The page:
This writer has never been shy in voicing opposition to aspects of the President’s agenda and policies that are detrimental to the nation. Nevertheless, the racist and prejudicial antagonism towards Barack Obama is too blatant to ignore. Stetson’s analysis of Jim Crow etiquette gives us insight into the ethnic dynamics that are taking place in some of the unjust and unfounded critiques of this president.
Never assert or even intimate that a White person is lying: disagreement between political parties is not only a common occurrence it is an absolute certainty. So a certain level of rancor and dissent should be expected, but some on the far right (a very loud faction by the way) has adopted something akin to this Jim Crow belief that it’s not the place of Black person, president or not, to point out the casual relationship with the truth that some of his Republican (and overwhelmingly White) opponents have had. The optics of an African-American man challenging Whites is still, for many, a far too bitter pill to swallow.
Never suggest that a White person is from an inferior class: the very existence of a Black man in the White House is by inference, to some, an assault on right social order — let alone a black man with a “Muslim-sounding” name. There are those who are ill-at-ease with the employer or supervisor of color; with that Black, Hispanic, religiously-different person in authority; it is, to them, an unnatural relationship.
The bottom line to racist and prejudicial paradigms is to keep a certain population, or populations, of people powerless. So when a member of one of the “less-favored” populations becomes, essentially, the most powerful person on the planet, one can see how that can be a tremendous shock to the system.
Whites did not use courtesy titles of respect when referring to Blacks, for example, Mr., Mrs., Miss., Sir or Ma’am: from the finger in the face disregard of Arizona Gov. Jan Brewer, to the “you lie” interjection of U.S. Congressman Joe Wilson, to the derogatory and insolent claims of the birthers, this president has been disrespected in ways that is readily identifiable by those who suffered through Jim Crow-era bigotry and to those who are the targets of modern-day discrimination.
Although many far-right elected officials have been craftier about the xenophobic questioning of Obama’s legitimacy than, let’s say, some of their constituents, they have been more than willing to exploit those leanings to their political advantage. Nevertheless, make no mistake about it, elected official or average citizen, at the heart of these assertions is the drive to deny the rightfully, and resoundingly, elected occupier of the Oval Office, the respect of being called or considered Mr. President.
And the need to bring him down a peg was and is, particularly, personified in the birther claims. Think about the tremendous feeling of renewed superiority one must feel when their protestations forces “the most powerful person on the planet” to produce a birth certificate.
Never lay claim to, or overly demonstrate, superior knowledge or intelligence: the aim of this form of Jim Crow etiquette was and is to maintain the myth of White supremacy; to pacify the fears and to give a false sense of security to an insecure White populace that, no matter their station in life, their ignorance would never descend lower than that of a black person — any Black person.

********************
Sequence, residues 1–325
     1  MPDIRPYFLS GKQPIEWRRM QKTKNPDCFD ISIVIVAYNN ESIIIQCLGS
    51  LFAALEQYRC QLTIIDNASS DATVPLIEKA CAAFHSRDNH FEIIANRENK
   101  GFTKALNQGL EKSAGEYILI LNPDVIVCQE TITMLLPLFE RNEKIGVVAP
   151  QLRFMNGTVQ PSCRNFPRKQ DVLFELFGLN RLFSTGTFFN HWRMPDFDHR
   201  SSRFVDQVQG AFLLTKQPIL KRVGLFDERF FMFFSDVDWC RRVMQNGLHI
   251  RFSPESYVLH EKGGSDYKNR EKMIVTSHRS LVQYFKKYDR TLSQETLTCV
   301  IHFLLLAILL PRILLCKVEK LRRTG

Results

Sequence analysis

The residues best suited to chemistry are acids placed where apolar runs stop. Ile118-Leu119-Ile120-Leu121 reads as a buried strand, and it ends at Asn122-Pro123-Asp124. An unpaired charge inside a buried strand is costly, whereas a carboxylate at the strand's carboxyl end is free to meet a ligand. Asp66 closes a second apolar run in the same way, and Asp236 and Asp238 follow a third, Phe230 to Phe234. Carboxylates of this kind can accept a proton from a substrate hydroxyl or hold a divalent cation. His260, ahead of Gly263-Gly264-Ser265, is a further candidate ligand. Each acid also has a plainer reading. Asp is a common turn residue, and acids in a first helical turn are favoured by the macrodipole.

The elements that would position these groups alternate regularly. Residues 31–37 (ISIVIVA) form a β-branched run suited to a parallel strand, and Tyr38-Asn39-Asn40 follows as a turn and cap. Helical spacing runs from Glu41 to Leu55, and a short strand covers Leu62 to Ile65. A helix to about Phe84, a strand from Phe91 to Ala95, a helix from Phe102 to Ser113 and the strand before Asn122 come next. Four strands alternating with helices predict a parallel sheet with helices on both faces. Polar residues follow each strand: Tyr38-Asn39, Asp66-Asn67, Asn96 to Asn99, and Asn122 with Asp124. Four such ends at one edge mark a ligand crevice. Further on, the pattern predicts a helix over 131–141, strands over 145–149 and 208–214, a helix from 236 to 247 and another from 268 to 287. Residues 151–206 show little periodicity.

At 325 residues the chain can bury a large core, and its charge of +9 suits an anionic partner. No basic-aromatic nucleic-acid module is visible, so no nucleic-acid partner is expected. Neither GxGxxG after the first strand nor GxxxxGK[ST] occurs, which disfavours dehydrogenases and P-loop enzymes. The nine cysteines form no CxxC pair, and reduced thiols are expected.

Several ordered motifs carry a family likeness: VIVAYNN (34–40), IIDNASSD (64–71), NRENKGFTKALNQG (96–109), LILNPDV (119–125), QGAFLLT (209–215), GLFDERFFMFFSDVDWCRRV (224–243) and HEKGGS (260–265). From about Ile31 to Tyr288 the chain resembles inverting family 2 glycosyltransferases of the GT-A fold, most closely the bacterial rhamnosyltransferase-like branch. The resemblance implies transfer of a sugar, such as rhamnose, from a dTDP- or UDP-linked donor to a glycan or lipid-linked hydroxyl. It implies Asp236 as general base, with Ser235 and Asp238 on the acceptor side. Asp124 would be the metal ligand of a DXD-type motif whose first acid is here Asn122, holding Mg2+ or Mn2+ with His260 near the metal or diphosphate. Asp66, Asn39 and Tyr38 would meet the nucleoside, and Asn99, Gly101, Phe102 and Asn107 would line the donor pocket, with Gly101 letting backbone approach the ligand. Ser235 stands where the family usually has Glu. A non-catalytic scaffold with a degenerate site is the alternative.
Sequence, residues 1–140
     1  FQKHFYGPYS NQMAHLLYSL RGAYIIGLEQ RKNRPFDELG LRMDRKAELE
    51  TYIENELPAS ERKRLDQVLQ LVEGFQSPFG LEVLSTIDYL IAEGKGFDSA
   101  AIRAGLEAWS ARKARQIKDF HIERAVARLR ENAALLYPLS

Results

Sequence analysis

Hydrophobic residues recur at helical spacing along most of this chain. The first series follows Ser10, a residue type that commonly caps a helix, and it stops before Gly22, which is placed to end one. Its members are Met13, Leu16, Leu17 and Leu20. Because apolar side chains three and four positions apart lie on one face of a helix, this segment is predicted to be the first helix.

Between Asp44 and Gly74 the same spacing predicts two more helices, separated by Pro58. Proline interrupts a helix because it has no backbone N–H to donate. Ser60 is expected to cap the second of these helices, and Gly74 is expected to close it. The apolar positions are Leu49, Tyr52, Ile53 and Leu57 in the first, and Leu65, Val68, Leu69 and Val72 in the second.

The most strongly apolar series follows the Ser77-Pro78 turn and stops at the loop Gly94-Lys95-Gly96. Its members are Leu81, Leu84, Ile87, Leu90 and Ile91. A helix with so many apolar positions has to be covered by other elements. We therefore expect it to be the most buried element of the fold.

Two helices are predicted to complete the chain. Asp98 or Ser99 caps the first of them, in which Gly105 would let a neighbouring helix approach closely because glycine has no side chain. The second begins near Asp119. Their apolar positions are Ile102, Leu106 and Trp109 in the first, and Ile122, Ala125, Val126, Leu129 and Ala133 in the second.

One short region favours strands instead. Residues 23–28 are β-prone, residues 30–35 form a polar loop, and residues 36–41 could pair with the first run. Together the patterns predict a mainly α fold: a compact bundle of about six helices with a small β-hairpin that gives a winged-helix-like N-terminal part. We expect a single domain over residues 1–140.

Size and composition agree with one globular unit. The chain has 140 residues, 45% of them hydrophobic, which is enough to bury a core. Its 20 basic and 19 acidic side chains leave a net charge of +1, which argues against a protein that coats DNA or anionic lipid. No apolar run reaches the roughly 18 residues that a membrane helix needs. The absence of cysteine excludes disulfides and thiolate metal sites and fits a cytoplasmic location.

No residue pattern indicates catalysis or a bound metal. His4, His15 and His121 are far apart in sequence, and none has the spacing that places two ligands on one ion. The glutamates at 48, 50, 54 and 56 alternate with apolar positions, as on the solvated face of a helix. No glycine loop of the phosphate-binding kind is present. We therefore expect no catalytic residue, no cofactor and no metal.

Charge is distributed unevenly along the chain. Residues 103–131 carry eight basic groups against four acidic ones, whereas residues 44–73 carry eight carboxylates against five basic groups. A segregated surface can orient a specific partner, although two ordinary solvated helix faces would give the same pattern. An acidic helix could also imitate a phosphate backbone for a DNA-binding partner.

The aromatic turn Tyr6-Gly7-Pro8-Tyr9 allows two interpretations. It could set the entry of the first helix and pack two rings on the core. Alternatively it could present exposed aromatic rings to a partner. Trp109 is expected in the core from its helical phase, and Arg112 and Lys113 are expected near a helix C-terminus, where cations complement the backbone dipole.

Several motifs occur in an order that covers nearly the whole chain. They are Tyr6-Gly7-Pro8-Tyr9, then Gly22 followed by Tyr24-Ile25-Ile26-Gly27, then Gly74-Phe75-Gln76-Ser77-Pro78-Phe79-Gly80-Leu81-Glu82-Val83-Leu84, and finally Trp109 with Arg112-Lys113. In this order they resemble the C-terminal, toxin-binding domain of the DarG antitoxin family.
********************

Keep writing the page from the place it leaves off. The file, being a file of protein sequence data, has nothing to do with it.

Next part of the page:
So even if the Black individual was the dean of a college and that White person never finished sixth grade, it could never be as much as insinuated that the Black dean was more intelligent than the White person who never made it to seventh grade.
Uppity was the designation used most often when describing such a Black person who even appeared to possess superior knowledge or skill to any White person. This term has been used by the likes of Rush Limbaugh, Glenn Beck and Rep. Lynn Westmoreland (R-Ga.) when describing the president and the first lady.
To be sure, there is a great deal of disdain for people with Ivy League educations, Ph.D.s and the like, from certain quarters of our society — no matter the ethnicity of those who have them. Yet, the level of disdain and the racially-coded language used to deride the president (as well as his wife), are clear indications of a whole other agenda — making sure that Obama knows that no matter his title or what position he has ascended to, he will always be less than they. Less American, less legitimate and yes, even less human.
For many Blacks in America, the racist treatment that Obama has received is a signal to them as well. And that signal is this: If they treat the president this way, what hope is there for the average Black citizen?
Martin Luther King said many years ago:
It is true that Old Man Segregation is on his death bed. But history has proven that social systems have a great last-minute breathing power, and the guardians of a status quo are always on hand with their oxygen tents to keep the old order alive.
Many believe that the absence of the laws and signs that pointed out in brutal clarity the false notions and myths regarding the inferiority of Blacks in America, means the absence of the attitudes and spirit that gave birth to them. Nothing could be further from the truth. We still live in a society that requires that the “other” perform some extraordinary act, before they (maybe) give them the grudging respect and consideration of an ordinary citizen or human being.
And when think about it, whether you agree with his policies or not, becoming the president of the United States is pretty extraordinary. And even that couldn’t break the stronghold of the spirit of Jim Crow.
Yes, Jim Crow laws; de jure discrimination, by and large, have passed. Yet, the spirit of the laws still haunts us because although the laws changed, this nation has never had a true change of heart.